And last week friendfeed did something very important: made it a lot more possible to do powerful real-time web searches.

First, the problem with friendfeed is it is too geeky. But ignore that problem for a moment, because if they don’t get it right, or make it something that the mainstream wants, well, you’ll see the same kind of search show up on Facebook (which has been making moves lately to be much more open) or Twitter.

So, why is this stuff working?

Well, because it’s with your friends and THEIR behaviors. Your friends are a lot more trustworthy than anyone else. How do I know that? Because while I was in Davos George Colony, CEO of Forrester handed me the results of a report they did on Trust and they found that people you know are the most trusted. Far more than corporate or personal blogs. Yes, I know you don’t trust me that much. That’s OK. I don’t trust your blog much either. 🙂

But, if I know you (thanks to Twitter, Facebook, and friendfeed I have gotten to know thousands of you) I can build a much better recommendation engine.

Oh, and even more troubling for Google is that Facebook and friendfeed have a lot more metadata to study.

What is metadata? It is data about data. Well, in Google’s case, the metadata is the linking behavior of people in the web.

But look just on friendfeed. What’s the metadata there? Everytime I click “like,” something I’ve done more than 16,000 times now, I’m adding metadata. Everytime I add a comment, something I’ve done more than 8,000 times now, I’m adding metadata.

What other metadata is there? Well, they still can study linking behavior. I can link to my discussion of how cloud computing will change programmer behavior, for instance.

What else? Well, friendfeed knows how many of my friends also liked that item. They also know how many people clicked on that item (although they haven’t surfaced that information yet).

So, now, let’s look at search.

First, if I need to know who the best retailer is to buy, say, a Canon 5D Mark II, is it better to ask the people I know, like I did here on friendfeed, or go to Google and deal with the SEOs? Try doing that search over on Google. I did. Do you find a single retailer? I didn’t.

So, now, let’s get to friendfeed’s search.

Let’s do a search for anyone who has written about the Canon 5D MK II but lets constrain that to posts that have at least one like and at least four comments. Here’s the search. Note that the post I wrote just one minute ago is already in the results page. This is the real-time web.

Google won’t see that friendfeed item for hours and, even if Google’s spiders index it Google does not have enough metadata to study to let it do this kind of search.

Let’s keep going.

How is this for searching news? Well, right now Australia is burning. So, let’s search for “Australia fires” but lets constrain that search to anything that has five or more likes and five or more comments. Note the quality of the conversation that comes back.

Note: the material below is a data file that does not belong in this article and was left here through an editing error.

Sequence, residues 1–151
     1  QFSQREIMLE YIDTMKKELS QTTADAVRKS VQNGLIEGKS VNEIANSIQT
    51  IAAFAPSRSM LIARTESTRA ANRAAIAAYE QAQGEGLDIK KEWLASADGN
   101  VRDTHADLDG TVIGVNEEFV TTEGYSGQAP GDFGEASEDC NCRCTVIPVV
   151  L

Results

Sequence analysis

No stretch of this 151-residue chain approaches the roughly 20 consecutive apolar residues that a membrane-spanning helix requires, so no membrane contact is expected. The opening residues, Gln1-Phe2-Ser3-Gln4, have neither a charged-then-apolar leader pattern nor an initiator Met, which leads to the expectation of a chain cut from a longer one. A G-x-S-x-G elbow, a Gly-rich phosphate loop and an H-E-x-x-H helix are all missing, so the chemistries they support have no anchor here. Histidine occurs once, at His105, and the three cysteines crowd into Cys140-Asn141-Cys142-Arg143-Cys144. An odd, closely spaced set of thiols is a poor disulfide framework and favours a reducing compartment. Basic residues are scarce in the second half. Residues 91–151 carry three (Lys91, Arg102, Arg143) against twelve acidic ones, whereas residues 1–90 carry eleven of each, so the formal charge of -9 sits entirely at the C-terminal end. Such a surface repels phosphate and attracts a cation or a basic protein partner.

How am I doing this? With friendfeed’s advanced search.

But it gets better than that.

How about we search for all Tweets that talk about the Australian Fires? We can do that.

“But can’t do that better?” Well, yes, but can it also just show you all the Google Reader items people have shared? Like friendfeed can? No.

Can Google search show you all the events that mention SXSW? No, but friendfeed search can.

Can you easily see all the YouTube videos that have the word Grammy in them? Probably over on YouTube you could do that. But can you now constrain the videos to the ones that have gotten some comments? With friendfeed you can.

But try doing THIS with Google: try finding everytime Dave Winer has commented on an item about netbooks. On friendfeed that’s easy. On Google? They don’t have the metadata to study.

Now, keep in mind that there aren’t many people on friendfeed yet. The numbers of comments there are not even close to enough to make all searches satisfying. But, look at friendfeed’s competitor Facebook. They have more than 150 million users already. What if Facebook were to get a search like friendfeeds?

Now do you start to see why I’m using Google less and less?

Lew Moorman is right.

Oh, and I got lots of answers to my Camera question before I was even done with writing this post.

UPDATE: you can search for “threats to Google” on friendfeed with this search. Fun to watch the comments come in!

Current TV ushers in a new kind of newsroom: Tweet Filtering

Current TV's Twitter newsroom

US President Barack Obama saw a new kind of newsroom evolve during his inauguration here in Current TV’s San Francisco studios: a Twitter filtering one. The results were seen on Current TV’s video streams (they will repost portions of the inauguration speech soon).

See they push video out to cable systems all over the world and they wanted to do something different with Twitter: they wanted to include Tweets from around the world live on Obama’s video images. So, they setup this newsroom with 15 editors who sift through thousands of tweets every few minutes. They push Tweets from the back of the room to the front through an editing process, then one person pushes them up live to the screen. Here is video of Mario Anima, director of online community at Current TV, explaining the newsroom and giving us a tour.